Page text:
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The blocking risk of Priority header when used a signal to the local stack

From: Lucas Pardue <lucaspardue.24.7@gmail.com>
Date: Tue, 19 Nov 2019 02:55:17 +0800
Message-ID: <CALGR9obJLrTufZe+UGtzNmucyZa4oQCcOeuY+Aq9SwM4w0kaJg@mail.gmail.com>
To: HTTP Working Group <ietf-http-wg@w3.org>
Hello all,

Following the WG session during IETF106 I wanted to pick up on a strand of
thought that I think Martin Thomson made at the microphone. I'm happy to
have a wrong interpretation, hence replaying it to the list for correction
or affirmation.

One of the ideas presented by the design team is that the Priority header
can be a stack-local control message that could cause the generation of a
version specific frame. This frame has certain requirements on ordering, it
must be issued before the request e.g. PRIORITY before HEADERS.

IIUC Martin identified a risk that delays in the stack-local signal could
cause delays in issuing the request e.g. HEADERS transmission is blocked
until the local stack can determine how to populate PRIORITY.

For many cases I'm sure this risk is low due to information locality and
APIs that use complete Request structures. However, a header streaming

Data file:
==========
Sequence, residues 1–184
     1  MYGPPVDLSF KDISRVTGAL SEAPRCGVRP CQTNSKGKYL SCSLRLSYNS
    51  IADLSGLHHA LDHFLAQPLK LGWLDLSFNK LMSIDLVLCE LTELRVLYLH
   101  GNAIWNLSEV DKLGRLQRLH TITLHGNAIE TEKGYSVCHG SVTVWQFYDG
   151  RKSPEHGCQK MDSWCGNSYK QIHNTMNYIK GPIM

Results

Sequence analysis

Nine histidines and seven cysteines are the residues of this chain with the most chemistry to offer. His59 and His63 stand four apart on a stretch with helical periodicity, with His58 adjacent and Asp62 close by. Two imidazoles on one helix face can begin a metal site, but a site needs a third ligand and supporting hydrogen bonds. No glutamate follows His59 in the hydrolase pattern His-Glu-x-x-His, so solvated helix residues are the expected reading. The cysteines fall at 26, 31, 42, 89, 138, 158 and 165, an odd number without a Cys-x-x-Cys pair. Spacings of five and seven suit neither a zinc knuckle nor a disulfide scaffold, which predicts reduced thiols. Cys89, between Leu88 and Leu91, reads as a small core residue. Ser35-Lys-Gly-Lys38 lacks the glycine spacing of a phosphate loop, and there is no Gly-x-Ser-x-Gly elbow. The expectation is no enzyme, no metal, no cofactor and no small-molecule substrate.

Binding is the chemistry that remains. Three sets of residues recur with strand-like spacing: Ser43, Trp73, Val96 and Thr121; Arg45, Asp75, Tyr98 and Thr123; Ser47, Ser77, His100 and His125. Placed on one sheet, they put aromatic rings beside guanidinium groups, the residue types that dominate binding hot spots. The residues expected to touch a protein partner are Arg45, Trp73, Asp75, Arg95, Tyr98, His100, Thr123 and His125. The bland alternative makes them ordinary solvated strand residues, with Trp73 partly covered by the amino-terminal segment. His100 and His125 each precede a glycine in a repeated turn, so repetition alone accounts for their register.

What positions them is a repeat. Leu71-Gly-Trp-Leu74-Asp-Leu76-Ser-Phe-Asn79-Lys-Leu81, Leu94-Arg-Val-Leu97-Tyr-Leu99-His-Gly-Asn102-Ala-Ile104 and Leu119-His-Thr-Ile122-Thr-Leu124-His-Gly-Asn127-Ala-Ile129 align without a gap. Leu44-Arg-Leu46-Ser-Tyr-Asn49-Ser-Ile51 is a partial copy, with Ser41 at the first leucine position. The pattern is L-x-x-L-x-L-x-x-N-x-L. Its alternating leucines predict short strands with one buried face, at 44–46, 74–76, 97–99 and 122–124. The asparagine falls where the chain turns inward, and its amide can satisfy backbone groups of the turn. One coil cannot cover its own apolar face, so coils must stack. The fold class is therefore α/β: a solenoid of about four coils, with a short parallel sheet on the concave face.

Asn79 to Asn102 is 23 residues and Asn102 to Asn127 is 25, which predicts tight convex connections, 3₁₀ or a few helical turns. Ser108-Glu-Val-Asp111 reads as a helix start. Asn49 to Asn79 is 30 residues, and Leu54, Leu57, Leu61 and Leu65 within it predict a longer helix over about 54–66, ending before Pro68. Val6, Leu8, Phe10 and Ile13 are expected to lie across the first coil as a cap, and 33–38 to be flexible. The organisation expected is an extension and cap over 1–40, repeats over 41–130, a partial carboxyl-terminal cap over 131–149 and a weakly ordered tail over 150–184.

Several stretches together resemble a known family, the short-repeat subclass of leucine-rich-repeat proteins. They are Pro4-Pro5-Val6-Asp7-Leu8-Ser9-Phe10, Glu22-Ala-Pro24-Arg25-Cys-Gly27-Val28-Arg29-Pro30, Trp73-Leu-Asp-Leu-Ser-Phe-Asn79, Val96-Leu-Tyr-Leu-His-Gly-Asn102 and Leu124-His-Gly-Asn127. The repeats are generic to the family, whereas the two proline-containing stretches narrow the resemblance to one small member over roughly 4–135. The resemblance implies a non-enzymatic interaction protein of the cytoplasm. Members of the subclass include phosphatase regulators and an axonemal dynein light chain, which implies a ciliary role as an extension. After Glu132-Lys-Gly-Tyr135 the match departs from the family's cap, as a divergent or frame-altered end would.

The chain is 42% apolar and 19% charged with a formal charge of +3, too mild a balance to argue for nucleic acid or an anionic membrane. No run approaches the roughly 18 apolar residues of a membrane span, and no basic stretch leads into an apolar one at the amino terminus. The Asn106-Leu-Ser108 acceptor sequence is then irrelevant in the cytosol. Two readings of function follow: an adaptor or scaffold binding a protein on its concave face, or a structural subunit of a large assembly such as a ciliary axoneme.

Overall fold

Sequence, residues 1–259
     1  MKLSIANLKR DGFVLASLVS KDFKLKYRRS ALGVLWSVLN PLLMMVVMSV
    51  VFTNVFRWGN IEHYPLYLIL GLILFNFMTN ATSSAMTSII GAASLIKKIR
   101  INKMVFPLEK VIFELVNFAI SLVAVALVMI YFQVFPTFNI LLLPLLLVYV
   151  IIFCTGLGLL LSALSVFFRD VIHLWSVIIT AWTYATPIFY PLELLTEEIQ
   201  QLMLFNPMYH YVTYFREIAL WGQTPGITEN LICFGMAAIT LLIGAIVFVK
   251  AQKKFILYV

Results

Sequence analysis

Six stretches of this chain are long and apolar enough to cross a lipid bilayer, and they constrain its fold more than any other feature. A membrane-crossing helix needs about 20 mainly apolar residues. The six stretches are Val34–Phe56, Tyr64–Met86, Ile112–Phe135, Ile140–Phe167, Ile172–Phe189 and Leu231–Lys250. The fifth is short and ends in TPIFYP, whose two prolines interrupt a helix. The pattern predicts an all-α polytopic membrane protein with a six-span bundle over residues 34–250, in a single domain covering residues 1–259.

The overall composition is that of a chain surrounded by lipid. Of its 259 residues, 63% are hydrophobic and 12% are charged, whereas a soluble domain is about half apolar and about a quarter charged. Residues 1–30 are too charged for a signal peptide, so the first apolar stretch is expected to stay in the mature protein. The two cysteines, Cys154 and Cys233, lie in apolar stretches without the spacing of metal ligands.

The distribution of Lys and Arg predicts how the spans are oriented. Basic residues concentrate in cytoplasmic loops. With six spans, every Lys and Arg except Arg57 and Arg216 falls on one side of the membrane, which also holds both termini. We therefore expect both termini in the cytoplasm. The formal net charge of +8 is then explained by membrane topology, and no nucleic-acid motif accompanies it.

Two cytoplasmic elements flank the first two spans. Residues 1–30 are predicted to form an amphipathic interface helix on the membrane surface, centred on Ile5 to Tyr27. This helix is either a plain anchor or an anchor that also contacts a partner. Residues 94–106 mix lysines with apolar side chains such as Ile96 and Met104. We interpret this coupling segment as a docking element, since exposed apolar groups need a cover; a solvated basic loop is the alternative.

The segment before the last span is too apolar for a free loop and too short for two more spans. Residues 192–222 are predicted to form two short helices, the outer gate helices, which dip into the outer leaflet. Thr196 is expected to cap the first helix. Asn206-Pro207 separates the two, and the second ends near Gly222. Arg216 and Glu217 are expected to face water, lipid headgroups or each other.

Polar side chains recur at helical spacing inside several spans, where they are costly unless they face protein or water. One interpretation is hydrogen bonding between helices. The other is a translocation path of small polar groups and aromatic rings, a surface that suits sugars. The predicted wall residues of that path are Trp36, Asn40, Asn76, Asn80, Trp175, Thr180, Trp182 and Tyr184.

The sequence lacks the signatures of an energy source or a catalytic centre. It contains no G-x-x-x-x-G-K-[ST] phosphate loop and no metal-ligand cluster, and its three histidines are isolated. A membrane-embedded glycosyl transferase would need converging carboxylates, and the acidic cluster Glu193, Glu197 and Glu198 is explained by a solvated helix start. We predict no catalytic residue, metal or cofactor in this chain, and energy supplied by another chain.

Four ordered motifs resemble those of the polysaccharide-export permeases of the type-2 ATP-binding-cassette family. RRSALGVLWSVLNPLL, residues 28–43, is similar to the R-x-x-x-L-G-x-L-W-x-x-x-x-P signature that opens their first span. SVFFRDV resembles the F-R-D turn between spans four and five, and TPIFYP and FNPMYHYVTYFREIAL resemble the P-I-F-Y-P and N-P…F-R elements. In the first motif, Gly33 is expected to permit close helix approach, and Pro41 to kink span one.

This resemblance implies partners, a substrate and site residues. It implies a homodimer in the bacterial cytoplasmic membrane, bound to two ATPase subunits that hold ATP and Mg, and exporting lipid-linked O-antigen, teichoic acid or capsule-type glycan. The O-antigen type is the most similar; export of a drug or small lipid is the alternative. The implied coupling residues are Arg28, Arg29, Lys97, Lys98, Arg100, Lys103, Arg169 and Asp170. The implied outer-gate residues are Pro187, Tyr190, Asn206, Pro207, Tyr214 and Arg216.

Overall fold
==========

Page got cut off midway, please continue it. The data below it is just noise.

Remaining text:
example was mentioned and I wonder if this is a hypothetical case, or
something that can happen today.

One possible way this risk manifests could affect the ordering of request
transmission; high priority requests that somehow have their stack-local
signal delayed could get issued later than lower priority requests.  And it
is easy to imagine this being quite an opaque problem for developers to
debug.

There is also an anti-pattern mitigation to such a blocking problem.
Satisfy the requirement to always send PRIORITY first by applying a default
of either: the implementation's choice, or the default urgency/progressive
values by simply sending an empty PRIORITY. Then, reprioiritize the request
later based on more information. This is bad on many levels.

In contrast, expressing the initial priority as a header keeps it inline
with the request object for which it is signaling intent. This has some
advantages. But apply the above ordering problem in reverse, a server
processing requests only gains understanding of their priority when it
consumes the header. Should it block until that becomes available (or could
it even assume a default?). A partial design mitigation to this would be to
define priority as a pseudo-header, which forces the early emission and
processing of such information, and rules out trailers completely.

In summary, is blocking such as this a problem and should a solution try to
design around it?

Lucas
Received on Monday, 18 November 2019 18:56:15 UTC

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